The Gun Club was a blues and country infused post-punk band from California that was around in one form or another from 1979 – 1996. The band was founded by guitarist/vocalist Jeffery Lee Pierce who the band OFF! has a song about that they play at every show as Jeffrey was Keith Morris’ best friend. The band was rather ahead of their time in regards to their sound which took punk roots and infused them with a lot of blues and some country influences. The results were largely influential in the psychobilly and alternative rock bands that would follow for years to follow. The band released seven studio albums plus a healthy amount of singles and compilation appearances before Pierce’s untimely death in 1996. The band’s first and third albums are the two favored among Gun Club fans and that third album, The Las Vegas Story has just been given a very nice vinyl reissue.
The Las Vegas Story was a bit less punk than its predecessors but is probably the most well-rounded album in the Gun Club discography. It beautifully takes a hint of post-punk and rock and mixes in a lot of blues and a hit of country. If played faster it would borderline on what is modern psychobilly at times and it’s easy to see how this album was a likely influence on such bands as Social Distortion (post-1983) and a lot of more modern alternative rock acts of the 1990s. The album is a great listen from start to finish and if you only were able to own one Gun Club album this would be the likely choice. The album originally was released in 1984 by Animal Records which was a label started by Chris Stein of Blondie. The lineup of The Gun Club on this album featured Jeffrey Lee Pierce, Kid Congo Powers (formerly of The Cramps), and Terry Graham and Patricia Morrison (formerly of The Bags). It makes sense that one of the two best Gun Club records featured such a stellar lineup of punk luminaries.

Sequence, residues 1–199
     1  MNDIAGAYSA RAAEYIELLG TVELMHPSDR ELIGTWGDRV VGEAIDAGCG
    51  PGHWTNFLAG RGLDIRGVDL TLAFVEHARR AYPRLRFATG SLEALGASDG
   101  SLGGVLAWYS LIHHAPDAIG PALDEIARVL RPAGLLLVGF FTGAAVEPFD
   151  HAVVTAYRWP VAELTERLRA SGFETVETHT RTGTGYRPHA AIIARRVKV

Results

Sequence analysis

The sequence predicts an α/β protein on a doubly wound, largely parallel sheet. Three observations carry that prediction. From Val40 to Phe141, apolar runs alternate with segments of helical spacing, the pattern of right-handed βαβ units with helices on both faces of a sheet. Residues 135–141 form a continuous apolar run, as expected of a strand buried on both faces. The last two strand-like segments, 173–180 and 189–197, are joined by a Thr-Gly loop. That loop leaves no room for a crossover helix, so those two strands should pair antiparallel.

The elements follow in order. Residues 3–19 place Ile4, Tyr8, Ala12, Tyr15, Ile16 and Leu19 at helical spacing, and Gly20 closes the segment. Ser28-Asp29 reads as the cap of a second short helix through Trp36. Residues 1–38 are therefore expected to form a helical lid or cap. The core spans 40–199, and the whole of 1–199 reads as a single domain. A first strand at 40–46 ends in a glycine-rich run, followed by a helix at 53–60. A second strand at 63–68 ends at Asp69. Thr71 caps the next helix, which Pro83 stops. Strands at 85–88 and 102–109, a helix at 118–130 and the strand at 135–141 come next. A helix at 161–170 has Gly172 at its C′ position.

The record had been reissued on CD in the past but I’m pretty sure there hasn’t been a vinyl edition of this since it was originally released in 1984 and like all good records at the time it eventually went out of print when labels stared trying to murder the vinyl format in favor of the more profitable CD format. Now this fine album is once again available on vinyl thanks to Drastic Plastic Records. Followers of this site will be familiar with the label as over the past couple of years they’ve done a bunch of vinyl reissues that have had two things in common: great albums and overall great packaging/mastering that sometimes rivals the original pressings. In keeping with tradition, the label spared no expense in the quality for this reissue.
The LP comes in a full-color, high gloss sleeve that reproduces all the original artwork beautifully. The colors are vivid and the type and images are sharp. The back cover was changed slightly in that they replaced the old label information with the new and they added the bar code. Inside there is a black and white printed inner sleeve that has the lyrics to the songs printed on them. The record isn’t housed in that however, it is instead in a poly lined paper sleeve. The record itself has black and white labels and either comes on 180gm black vinyl or 140gm green and white marbled vinyl. The marbled vinyl color compliments the cover art nicely. The record was remastered and the mastering is superb. The sound is full and the quiets are ultra quiet. I could tell no discernible difference in sound quality in playing the two variations back to back so while I prefer the colored vinyl for its aesthetics, those audiophile types may want the 180gm for its heft and it being a little less prone to warping. Each variation is hand-numbered on the back cover. They made 500 of each. Completests of course will have to get both!
Once again Drastic Plastic hit a home run with this reissue. Hopefully this does well enough for them that it inspires them to reissue the first Gun Club record to go alongside The Las Vegas Story but regardless of that this record is well worth the price of purchase.